A mom recently shared her concern with me about her child being a “pushover”. She said that even though she was just seven years old, that she was already seeing her daughter as more of a follower than a leader and looking towards the future, worried that her daughter might be willing to bend over backwards to please a peer or may even do something against her will just to make someone else happy. She wanted reassurance that this was not fixed for life and asked me for advice on how to turn things around.
We talked about some of her specific concerns such as her daughter giving special items away to peers and she asked if I thought that this may be her daughter’s way of winning them over or buying their attention. She expressed confusion as to why this may be since she and her husband doted on their child and gave her lots of their time and attention. I suggested a reframe: Perhaps, I said, it was because her child was so used to getting their attention and unconditional love that she couldn’t understand why she might not be getting the same from her peers. I recommended, of course, that they not withdraw their attention or love, but that this, combined with a child’s desire to belong and feel included in her peer group, along with her generous nature, may be propelling her to behave as she was.
As most parents do, this mom also expressed concern about what might happen when her child grew older – even into teenage hood – and continued to be a “pushover”. What, she asked, might happen when her child was introduced to drugs or alcohol? What might happen if she followed the cool kids who weren’t the best influence? I reassured the mom that she had at least the next 5 or 6 years to monitor the situation and continue to guide her child towards making wise decisions and choices. I recommended that she read children’s books that complemented the message she was working to deliver – those that allowed her child to project herself onto the pages that offered stories about one child following another down the wrong path and the consequences of doing so. In doing my own research, I found it difficult to find a specific title for a seven year old but did come across a book titled Peer Pressure: Deal with it without losing your cool (Slavens, Shannon) which I thought would be a good book for the mom to review and parts of which to share with her child.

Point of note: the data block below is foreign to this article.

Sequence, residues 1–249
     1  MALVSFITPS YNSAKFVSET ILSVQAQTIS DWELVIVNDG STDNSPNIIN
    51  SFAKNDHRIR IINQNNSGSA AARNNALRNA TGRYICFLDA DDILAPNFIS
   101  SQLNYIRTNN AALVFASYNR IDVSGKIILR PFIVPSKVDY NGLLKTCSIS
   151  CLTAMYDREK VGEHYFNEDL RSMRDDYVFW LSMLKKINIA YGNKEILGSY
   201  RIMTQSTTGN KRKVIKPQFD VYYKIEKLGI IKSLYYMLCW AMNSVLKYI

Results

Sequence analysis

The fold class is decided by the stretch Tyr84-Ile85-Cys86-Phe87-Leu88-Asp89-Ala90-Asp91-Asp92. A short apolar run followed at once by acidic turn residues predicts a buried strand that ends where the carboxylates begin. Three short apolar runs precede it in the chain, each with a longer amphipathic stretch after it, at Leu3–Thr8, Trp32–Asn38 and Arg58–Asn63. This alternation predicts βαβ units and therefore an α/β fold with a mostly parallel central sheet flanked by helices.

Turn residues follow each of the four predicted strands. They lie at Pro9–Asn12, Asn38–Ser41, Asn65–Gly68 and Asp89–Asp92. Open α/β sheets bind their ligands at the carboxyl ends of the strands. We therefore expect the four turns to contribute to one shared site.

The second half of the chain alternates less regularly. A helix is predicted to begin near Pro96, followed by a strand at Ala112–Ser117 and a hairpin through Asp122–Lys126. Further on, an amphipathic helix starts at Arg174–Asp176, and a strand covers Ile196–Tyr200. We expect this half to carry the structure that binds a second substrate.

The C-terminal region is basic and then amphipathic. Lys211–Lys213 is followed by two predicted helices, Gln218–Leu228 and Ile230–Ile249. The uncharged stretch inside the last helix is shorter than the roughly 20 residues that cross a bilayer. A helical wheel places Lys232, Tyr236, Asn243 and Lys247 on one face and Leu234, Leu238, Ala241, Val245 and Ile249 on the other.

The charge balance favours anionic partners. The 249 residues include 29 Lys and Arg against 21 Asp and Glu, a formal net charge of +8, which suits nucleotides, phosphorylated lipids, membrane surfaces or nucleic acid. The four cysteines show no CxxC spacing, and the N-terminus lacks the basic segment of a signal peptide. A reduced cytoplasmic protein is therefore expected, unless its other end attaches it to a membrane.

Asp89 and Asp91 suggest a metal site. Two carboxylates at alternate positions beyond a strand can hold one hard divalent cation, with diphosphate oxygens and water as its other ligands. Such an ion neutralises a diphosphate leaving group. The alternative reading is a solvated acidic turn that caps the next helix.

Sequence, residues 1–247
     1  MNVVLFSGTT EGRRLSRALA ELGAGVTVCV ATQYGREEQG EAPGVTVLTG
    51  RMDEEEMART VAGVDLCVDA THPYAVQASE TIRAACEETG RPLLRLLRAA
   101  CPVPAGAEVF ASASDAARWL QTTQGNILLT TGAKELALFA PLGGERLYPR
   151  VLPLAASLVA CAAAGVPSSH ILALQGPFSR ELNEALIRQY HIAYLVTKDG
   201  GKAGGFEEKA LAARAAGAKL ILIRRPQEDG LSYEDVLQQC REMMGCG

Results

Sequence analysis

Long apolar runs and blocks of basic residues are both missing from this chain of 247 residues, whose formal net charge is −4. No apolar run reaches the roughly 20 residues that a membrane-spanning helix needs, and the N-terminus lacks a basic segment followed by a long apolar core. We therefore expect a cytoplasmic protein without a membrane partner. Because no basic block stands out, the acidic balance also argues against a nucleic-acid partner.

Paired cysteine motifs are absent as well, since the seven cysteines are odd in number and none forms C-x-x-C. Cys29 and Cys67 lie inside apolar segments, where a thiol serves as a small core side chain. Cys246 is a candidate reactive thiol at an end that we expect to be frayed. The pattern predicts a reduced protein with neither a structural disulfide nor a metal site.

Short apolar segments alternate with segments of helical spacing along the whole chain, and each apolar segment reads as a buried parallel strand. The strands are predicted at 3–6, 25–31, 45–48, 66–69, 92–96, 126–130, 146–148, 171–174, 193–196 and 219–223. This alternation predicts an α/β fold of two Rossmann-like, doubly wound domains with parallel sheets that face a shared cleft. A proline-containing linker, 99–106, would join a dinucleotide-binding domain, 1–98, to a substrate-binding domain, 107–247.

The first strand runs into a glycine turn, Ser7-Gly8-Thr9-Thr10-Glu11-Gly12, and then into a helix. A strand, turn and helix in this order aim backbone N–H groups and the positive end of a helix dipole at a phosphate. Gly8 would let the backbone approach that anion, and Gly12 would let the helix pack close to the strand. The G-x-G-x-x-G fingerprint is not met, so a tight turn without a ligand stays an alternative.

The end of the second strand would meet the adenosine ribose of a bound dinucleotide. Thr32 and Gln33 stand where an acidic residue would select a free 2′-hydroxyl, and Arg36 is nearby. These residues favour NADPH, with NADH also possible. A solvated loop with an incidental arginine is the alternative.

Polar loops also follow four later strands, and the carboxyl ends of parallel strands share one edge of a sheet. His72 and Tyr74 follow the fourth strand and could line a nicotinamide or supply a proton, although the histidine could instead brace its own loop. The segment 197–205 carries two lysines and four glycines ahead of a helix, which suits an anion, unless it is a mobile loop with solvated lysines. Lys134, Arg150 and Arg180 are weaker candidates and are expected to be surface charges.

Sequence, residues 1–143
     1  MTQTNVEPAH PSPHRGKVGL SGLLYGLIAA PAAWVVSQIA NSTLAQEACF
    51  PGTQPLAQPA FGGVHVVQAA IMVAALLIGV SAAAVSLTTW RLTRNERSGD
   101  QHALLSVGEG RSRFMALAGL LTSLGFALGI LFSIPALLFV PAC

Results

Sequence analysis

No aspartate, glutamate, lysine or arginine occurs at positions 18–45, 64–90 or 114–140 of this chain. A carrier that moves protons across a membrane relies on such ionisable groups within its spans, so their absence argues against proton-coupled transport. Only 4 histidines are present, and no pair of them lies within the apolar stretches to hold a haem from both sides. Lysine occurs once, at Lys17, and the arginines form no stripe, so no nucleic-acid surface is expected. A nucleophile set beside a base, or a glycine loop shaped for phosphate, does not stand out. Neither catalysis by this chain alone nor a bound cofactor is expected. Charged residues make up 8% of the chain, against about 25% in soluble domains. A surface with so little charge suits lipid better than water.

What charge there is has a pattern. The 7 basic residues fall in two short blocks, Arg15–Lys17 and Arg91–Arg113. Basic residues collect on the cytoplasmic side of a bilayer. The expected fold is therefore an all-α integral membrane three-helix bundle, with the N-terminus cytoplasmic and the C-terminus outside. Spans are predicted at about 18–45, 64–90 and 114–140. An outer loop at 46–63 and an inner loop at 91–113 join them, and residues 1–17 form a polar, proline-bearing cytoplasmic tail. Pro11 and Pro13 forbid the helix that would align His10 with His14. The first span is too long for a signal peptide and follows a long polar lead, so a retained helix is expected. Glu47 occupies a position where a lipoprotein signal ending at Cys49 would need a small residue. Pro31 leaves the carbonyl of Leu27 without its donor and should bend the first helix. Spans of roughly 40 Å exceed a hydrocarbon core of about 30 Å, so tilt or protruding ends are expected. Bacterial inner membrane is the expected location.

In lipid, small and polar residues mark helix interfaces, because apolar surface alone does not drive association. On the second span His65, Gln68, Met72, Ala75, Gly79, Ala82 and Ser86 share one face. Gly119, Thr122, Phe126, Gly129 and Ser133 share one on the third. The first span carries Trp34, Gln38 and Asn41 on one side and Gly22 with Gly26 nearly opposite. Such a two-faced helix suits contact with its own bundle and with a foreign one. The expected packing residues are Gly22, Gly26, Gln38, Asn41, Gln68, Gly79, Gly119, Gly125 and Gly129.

I also suggested that rather than lecturing or admonishing her daughter for behaviour that triggered this mom’s worst fear of her being taken advantage of by others, that she encourage more of the behaviours she hoped to see by making comments such as “I love how you stood up for what you believed in”.
Finally, I asked the mom about her parenting style and expectations. I shared that despite her best intentions, that her parenting style may actually be contrary to what she was trying to instil in her child. What I mean by this is: if you want your child to become a leader and think for him or herself, don’t fret that she has “a mind of her own” or that he doesn’t like to be told what to do. Of course, there need to be parental limits and boundaries set, but as much as possible, encouraging independent thought, asking questions that allow your child to learn from his experience and the behaviour of others may be some ways in which to encourage a child to feel capable of making good decisions and not following others blindly or becoming a pushover.
If you, like most parents, worry about your child’s future or are concerned about remaining the most powerful influence for as long as possible, you may be interested in reading my latest book, How to Influence Your Kids for Good (Harper Collins Canada) on shelves and online.